A poll on Lou Dobbs' web site:
Do you believe people who use words like "protectionism" are offering a false choice between "free" trade and no trade, to distract from the fact that they are shipping jobs out of this country?
Yes 95% 8600 No 5% 408 Total Votes: 9008This is not a scientific poll
What I found interesting about this poll was the suggestion that "protectionism" is somehow an unfair way to characterize somebody's views. The question indicates that people who use this word might be offering a "false choice." To me, though, "protectionism" is one of the clearest words in the trade vocabulary. At its core, I take it to mean a policy to favor domestic producers over foreign producers. Now, there might be a variety of reasons to support "protectionism" (e.g., infant industry arguments, as a response to the protectionist policies of other countries, etc.) But regardless of why you support it, the policy itself is fairly clear. This is in contrast to many other terms, even those like "free trade" and "trade liberalization," where I'm not always sure what people have in mind.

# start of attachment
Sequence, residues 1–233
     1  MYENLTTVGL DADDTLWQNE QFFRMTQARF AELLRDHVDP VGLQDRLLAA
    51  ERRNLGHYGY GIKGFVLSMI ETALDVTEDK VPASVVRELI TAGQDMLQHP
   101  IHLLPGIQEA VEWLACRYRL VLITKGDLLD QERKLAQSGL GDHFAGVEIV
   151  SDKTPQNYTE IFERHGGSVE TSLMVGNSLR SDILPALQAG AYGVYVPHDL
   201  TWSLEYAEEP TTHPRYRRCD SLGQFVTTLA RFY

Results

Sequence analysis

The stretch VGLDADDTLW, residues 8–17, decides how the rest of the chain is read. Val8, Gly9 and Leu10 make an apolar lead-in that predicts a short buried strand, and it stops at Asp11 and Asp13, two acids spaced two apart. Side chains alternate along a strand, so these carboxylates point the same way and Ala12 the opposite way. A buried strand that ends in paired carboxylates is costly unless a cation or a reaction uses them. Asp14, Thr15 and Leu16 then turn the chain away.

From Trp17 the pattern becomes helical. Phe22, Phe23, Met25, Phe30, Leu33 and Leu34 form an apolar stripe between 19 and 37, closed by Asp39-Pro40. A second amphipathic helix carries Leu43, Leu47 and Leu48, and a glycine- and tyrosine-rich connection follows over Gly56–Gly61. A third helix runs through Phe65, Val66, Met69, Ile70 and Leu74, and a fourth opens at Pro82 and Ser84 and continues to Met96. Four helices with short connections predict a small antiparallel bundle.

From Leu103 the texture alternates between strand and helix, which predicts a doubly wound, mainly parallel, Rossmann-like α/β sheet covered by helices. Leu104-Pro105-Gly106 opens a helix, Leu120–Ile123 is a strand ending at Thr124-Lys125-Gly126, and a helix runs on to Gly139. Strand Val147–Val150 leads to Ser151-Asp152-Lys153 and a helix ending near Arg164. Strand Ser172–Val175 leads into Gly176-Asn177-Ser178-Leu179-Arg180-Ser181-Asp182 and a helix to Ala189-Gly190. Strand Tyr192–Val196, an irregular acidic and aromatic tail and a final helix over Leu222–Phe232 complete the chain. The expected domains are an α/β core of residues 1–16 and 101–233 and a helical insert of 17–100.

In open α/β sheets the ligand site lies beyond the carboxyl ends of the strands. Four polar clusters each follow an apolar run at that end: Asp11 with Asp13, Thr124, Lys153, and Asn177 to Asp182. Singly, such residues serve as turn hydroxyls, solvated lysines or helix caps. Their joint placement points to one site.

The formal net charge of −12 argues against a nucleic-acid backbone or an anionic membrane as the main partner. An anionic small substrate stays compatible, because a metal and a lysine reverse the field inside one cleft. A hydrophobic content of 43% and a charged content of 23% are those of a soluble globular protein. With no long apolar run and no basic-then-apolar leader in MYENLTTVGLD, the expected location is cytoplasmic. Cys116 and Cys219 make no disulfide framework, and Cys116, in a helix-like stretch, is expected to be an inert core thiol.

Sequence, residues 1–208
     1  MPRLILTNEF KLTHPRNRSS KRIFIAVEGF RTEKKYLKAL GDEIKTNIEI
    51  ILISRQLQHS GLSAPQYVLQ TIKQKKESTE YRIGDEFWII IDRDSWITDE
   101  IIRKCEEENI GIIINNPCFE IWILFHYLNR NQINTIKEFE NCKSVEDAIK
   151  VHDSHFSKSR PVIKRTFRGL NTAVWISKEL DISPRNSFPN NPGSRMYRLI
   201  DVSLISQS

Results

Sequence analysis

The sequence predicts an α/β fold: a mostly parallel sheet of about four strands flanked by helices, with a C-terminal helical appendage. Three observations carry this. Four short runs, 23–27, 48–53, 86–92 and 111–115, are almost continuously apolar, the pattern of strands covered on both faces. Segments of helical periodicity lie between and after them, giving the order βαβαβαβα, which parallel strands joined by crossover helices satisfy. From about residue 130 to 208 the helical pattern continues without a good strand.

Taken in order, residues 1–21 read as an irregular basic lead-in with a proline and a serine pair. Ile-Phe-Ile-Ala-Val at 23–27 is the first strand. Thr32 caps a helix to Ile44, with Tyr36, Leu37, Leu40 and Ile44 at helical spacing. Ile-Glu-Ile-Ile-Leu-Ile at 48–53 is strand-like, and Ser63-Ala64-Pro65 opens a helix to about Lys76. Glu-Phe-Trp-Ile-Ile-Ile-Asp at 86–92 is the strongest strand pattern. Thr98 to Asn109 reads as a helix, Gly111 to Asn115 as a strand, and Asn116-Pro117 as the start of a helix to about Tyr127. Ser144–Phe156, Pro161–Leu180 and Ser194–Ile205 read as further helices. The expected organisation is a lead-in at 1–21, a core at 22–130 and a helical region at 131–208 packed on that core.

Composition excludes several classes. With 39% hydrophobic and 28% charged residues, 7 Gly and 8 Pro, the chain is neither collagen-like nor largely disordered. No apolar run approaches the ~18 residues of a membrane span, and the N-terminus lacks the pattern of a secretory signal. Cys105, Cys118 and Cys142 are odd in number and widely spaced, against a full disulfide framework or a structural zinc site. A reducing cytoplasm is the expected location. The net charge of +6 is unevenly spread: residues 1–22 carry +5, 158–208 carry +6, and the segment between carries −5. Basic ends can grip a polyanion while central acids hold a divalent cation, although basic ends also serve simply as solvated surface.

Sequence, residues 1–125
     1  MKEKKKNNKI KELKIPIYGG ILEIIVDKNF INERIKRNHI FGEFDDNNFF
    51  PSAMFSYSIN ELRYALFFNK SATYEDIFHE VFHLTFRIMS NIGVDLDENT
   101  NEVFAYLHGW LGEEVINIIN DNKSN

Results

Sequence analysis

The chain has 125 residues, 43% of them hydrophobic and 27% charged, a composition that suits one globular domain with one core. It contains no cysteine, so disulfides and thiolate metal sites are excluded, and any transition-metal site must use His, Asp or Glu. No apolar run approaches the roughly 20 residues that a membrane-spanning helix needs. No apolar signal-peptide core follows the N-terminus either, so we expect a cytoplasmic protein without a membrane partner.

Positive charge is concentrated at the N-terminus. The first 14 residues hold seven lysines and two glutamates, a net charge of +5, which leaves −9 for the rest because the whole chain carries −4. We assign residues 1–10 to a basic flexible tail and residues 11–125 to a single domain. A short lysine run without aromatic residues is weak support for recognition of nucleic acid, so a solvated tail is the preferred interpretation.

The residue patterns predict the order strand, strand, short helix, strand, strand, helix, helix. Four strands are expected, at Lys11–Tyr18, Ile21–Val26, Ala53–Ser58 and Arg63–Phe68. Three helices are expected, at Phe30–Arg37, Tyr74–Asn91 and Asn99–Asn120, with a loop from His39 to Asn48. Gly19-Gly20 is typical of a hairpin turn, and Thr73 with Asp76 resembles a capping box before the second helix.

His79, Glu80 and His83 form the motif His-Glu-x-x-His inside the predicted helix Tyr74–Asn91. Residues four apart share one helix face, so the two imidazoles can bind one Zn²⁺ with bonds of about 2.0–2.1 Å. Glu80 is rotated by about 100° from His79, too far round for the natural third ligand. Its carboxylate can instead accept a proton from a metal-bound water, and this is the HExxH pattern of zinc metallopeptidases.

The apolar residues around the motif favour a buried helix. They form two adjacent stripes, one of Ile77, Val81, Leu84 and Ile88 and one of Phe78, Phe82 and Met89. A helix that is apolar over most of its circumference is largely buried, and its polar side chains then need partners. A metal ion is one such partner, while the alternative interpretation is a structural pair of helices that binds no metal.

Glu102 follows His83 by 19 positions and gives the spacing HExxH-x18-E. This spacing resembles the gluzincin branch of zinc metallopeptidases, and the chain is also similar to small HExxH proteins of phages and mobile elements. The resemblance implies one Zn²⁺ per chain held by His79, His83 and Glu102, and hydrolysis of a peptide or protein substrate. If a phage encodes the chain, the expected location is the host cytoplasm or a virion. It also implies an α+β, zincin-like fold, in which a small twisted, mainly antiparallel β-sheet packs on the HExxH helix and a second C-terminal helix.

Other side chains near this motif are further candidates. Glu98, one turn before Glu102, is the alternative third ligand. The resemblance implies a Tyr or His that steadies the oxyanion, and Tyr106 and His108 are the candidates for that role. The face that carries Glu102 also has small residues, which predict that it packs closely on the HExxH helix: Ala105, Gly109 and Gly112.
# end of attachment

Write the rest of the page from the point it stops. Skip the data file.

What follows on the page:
To go even further, I think that support for or opposition to "protectionism" is really the best gauge of someone's views on trade issues, as trade agreements themselves are often a mixture of many different policies. The question I always want to ask people is, do you support protectionism, and, if so, in what circumstances? That, to me, is the fundamental trade question that needs answering.
UPDATE: The Dobbs web site seems to have replaced this poll with another one, but I swear that poll was there yesterday!